I also began exercising excessively in my room, staring critically at myself in the mirror before and after each workout to see if there were any visible changes in my body.

I even took photos, ready for my big 'before and after reveal', after seeing so many similar posts on social media.

But it was never enough. I was never sweaty enough, exhausted enough, hungry enough. I still didn't look like the women on social media; their glowing golden stomachs were hard where mine was soft. I didn't even notice the weight loss until I had lost about 2 stone. There were no scales in the house so I wasn't weighing myself regularly...besides this was about health not numbers, remember?

I would go for long periods of time without eating and force myself to exercise even when I felt faint. I even felt uncomfortable sitting down because I wasn't burning up enough calories. Every time I moved my body, it was because I hated it. I burnt myself out completely.

I had no idea that this obsession with 'health' and 'fitness' had another name.... orthorexia.

During all this time, complements came flooding in. People who had never spoken to me before suddenly complimented my figure, my weight loss, my inspirational health kick, telling me how they would have to 'lock me up to keep the boys away' (FYI, present day-feminist-Niamh has some serious problems with that statement).

I could finally fit into the clothes that I wanted to wear and felt confident expressing myself through fashion. I was finally getting seen in a way that I had never been before. On the outside, everything looked great.

I even considered losing my period a mega-bonus (and while periods are such a b***h, they are also totally healthy and necessary). As my hormones waved au revoir, so did my acne, which felt like progress, since clean eating promised to 'cure' acne ( I had no idea that this was a sign of how sick I was). My immune system totally flopped and I had a permanent sore throat, not to mention the fact I was freezing cold the. whole. time.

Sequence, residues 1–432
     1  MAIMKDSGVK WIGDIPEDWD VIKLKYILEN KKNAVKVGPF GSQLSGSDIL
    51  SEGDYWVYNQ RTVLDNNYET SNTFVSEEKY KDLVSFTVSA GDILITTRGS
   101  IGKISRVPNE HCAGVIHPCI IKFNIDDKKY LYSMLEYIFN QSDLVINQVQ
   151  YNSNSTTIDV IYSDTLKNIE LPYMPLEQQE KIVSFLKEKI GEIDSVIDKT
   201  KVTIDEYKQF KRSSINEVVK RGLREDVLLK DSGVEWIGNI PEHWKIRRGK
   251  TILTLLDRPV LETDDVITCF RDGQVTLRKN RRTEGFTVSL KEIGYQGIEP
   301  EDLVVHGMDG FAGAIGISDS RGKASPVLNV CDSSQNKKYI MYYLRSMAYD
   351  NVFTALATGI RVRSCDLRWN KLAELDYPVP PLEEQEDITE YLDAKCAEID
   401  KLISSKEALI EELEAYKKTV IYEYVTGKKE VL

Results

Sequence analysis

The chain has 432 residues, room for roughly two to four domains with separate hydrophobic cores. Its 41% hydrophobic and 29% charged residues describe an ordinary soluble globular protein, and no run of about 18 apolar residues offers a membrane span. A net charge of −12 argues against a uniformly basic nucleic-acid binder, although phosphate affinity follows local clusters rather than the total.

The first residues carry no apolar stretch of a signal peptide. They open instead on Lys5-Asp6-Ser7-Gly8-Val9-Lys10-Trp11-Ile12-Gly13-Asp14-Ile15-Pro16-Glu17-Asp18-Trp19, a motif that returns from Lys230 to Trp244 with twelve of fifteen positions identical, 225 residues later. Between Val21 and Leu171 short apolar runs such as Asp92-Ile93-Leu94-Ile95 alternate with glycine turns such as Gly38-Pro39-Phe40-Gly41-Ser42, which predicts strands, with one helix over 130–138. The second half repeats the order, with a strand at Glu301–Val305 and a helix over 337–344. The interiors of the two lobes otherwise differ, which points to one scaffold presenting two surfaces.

A scary fact is that I was actually eating more than the suggested portion sizes in the clean eating books and websites I was following and experienced extreme guilt for doing so.

Another scary fact is that my BMI was in the 'healthy' range this entire time.

In the absence of a very low BMI, I was relieved that I exhibited other ED physical indicators like amenorrhea and a drop in internal body temperature. Even so, I did not believe that I was sick enough to receive treatment.

While the physical symptoms of eating disorders are talked about at great lengths, they are really only the tip of the ice-berg.

So many people who suffer from eating disorders never meet the diagnostic criteria for treatment because that criteria comprises mostly of physical side affects/indicators. And while these physical ailments should of course be addressed and treated, they should not form part of the criteria for the diagnosis of a mental illness.